Rome claims that there is biblical justification for indulgences, as follows: it says that in 1 Cor. 5:1 Paul exercised the power of “binding” (as given by Christ to the disciples in Matt. 16:19 and Matt. 18:18) by inflicting a penance, and excluding this offender from the Church until he performed the penance; and then it says that in 2 Cor. 2:7, Paul exercised the power of “loosing” by remitting the remainder of the penance!

  But this is so typical of Rome’s distortion of the Scriptures to suit its own purposes.  In truth, to “bind” (in Matthew) can have no reference to indulgences, which are only concerned with “loosing”.  These verses, then, do not support this lie.  And 2 Cor. 2:6-10 clearly refers to the restoration of the offender to the local church – it does not refer to granting an indulgence. 

  In fact, the total absence of any biblical justification whatsoever for indulgences has even been admitted by some of Rome’s own scholars and theologians themselves!  For example, the Romish “saint”, Antoninus, scholar, author, and archbishop of Florence in the fifteenth century, declared: “We have no testimony in the Scriptures, nor among the Fathers, in favour of indulgences, but only the authority of some modern authors.”  And John Chrysostom (347-407 AD), patriarch of Constantinople, whose statue, along with those of Augustine, Athanasius and Ambrose, supports the papal throne in St Peter’s Basilica in Rome, wrote in his book that “Christians” must not imitate the heathens, who made use of indulgences, paying money for the absolution of sins, and imposed penances.[7]

 

A Monk Makes a Mint from Indulgences

  Indulgences were a major part of what sparked Martin Luther’s protest against the Papacy, for even though Luther was still a Roman Catholic and unconverted, he could not stomach the evil of it all.  And nothing more clearly shows the utterly unscriptural nature of indulgences than what occurred when a Dominican monk named Tetzel wended his way through Germany in the early years of the sixteenth century, selling indulgences to any who would part with their money.    Selling them?  Oh yes – indulgences were bought with money.  Tetzel was rich, unscrupulous, an inquisitor, a convicted adulterer, a man who, though supposedly sworn to celibacy, took two of his children with him on his travels.   Tetzel boasted: “I have saved more souls by my indulgences than the apostle [Peter, erroneously claimed by Rome as their first pope[8]] by his sermons.  There is no sin so great that an indulgence cannot remit”.  “But more than this, indulgences avail not only for the living, but for the dead.  For that, repentance is not even necessary.”  “Come and I will give you letters, all properly sealed, by which even the sins that you intend to commit may be pardoned .”(!)  Also these truly blasphemous words: “The Lord our God no longer reigns.  He has resigned all power to the pope.”  And then his infamous statement: “At the very instant that the money rattles at the bottom of the chest, the soul escapes from Purgatory, and flies liberated to heaven!”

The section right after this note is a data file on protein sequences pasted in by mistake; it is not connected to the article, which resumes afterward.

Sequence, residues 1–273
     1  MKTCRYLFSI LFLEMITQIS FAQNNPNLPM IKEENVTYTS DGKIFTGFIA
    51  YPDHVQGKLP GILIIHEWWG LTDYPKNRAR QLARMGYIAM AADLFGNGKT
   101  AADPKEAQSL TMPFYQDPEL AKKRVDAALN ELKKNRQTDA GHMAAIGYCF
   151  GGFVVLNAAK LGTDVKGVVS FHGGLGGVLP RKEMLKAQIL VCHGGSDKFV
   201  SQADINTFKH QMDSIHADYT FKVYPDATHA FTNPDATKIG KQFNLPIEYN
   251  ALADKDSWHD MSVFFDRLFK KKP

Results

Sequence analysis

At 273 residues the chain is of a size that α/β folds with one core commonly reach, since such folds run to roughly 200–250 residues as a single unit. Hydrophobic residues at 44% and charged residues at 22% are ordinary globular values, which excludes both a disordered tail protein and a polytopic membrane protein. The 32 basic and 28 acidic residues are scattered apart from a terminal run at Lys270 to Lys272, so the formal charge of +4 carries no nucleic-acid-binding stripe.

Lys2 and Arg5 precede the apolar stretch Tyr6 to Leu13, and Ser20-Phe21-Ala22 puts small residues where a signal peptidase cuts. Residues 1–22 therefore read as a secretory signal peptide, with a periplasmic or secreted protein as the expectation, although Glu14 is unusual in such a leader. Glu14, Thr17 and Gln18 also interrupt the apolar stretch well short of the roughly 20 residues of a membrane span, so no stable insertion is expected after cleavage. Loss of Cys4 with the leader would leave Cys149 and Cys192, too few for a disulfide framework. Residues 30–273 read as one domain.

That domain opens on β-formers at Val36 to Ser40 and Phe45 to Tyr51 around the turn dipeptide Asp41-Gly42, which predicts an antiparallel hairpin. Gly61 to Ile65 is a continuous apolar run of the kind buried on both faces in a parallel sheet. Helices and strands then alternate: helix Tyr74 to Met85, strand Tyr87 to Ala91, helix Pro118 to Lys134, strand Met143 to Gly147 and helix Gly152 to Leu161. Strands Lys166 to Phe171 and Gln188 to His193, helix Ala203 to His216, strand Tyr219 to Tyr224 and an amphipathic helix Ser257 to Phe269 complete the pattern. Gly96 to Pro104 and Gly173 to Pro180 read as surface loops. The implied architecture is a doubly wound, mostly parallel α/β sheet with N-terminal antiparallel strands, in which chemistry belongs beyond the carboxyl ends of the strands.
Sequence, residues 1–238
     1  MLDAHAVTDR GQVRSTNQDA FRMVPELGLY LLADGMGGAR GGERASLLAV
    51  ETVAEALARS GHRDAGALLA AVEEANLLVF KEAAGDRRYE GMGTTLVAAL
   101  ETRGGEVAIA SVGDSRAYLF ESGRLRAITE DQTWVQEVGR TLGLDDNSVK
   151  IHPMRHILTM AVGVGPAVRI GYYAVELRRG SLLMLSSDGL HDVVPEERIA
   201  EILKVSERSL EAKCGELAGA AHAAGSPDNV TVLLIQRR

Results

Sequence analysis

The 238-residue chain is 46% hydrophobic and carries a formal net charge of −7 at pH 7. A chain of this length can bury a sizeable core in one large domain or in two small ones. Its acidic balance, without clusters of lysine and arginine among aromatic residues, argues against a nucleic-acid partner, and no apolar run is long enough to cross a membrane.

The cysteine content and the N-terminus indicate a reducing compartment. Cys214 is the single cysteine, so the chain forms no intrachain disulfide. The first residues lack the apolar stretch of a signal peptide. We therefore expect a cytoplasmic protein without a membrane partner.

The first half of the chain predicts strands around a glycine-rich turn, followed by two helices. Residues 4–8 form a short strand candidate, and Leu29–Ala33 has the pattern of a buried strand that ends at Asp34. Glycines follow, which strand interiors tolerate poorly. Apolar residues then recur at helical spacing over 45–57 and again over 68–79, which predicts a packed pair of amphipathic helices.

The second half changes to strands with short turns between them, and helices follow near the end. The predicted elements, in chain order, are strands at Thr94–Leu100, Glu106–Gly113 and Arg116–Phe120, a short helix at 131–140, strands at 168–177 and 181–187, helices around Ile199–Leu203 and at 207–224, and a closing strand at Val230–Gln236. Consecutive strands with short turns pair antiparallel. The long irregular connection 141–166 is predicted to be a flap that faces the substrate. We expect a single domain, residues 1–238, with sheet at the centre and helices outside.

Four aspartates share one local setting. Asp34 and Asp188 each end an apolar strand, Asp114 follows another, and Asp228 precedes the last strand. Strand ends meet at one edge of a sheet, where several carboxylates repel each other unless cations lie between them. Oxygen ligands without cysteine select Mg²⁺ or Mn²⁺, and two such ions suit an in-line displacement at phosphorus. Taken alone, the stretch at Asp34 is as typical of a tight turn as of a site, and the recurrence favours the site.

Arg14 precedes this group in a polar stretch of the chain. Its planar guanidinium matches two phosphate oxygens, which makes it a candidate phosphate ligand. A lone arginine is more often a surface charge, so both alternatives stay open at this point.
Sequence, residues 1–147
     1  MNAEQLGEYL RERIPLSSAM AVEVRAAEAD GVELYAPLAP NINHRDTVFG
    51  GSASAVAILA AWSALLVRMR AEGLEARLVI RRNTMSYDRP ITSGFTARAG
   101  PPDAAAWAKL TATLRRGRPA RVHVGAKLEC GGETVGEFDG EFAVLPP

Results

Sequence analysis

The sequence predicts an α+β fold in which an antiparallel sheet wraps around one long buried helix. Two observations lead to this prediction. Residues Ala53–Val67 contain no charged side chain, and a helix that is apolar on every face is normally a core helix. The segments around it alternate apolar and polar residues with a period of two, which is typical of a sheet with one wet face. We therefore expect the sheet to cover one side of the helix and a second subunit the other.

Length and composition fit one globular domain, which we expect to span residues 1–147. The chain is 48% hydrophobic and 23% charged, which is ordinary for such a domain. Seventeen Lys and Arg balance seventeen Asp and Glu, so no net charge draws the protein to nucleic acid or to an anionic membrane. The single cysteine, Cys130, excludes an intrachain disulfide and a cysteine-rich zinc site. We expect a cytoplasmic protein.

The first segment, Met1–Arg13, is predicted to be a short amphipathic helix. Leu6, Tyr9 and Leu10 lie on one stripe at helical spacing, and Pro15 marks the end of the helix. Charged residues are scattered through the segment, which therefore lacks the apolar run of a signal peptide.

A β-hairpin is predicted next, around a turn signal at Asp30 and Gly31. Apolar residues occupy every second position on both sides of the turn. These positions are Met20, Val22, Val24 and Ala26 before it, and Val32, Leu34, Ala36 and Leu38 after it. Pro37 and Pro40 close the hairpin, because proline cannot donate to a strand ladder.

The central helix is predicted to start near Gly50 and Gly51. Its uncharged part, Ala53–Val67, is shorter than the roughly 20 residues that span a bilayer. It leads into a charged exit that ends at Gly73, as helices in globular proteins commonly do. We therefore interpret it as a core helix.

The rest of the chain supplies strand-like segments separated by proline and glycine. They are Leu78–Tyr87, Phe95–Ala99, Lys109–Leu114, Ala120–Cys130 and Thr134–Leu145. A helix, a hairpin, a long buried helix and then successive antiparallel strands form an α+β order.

No wonder the poor blind Roman Catholics flocked to purchase that indulgence!  Huge crowds gathered to hear Tetzel and to cough up the cash.  Coins clattered into his money chest, the purchasers were issued a certificate, and they went on their way rejoicing, secure in the devilish delusion that they had bought their loved one’s soul freedom from the sufferings of Purgatory.  And Rome’s coffers filled up.

  After Tetzel’s time, and because of the massive protests against it during the Reformation, “The Council of Trent… decided [in 1562] that no fees should be collected on granting indulgences.”[9]  Well, an indulgence may no longer be bought with money, but even so the great evil of indulgences themselves continues.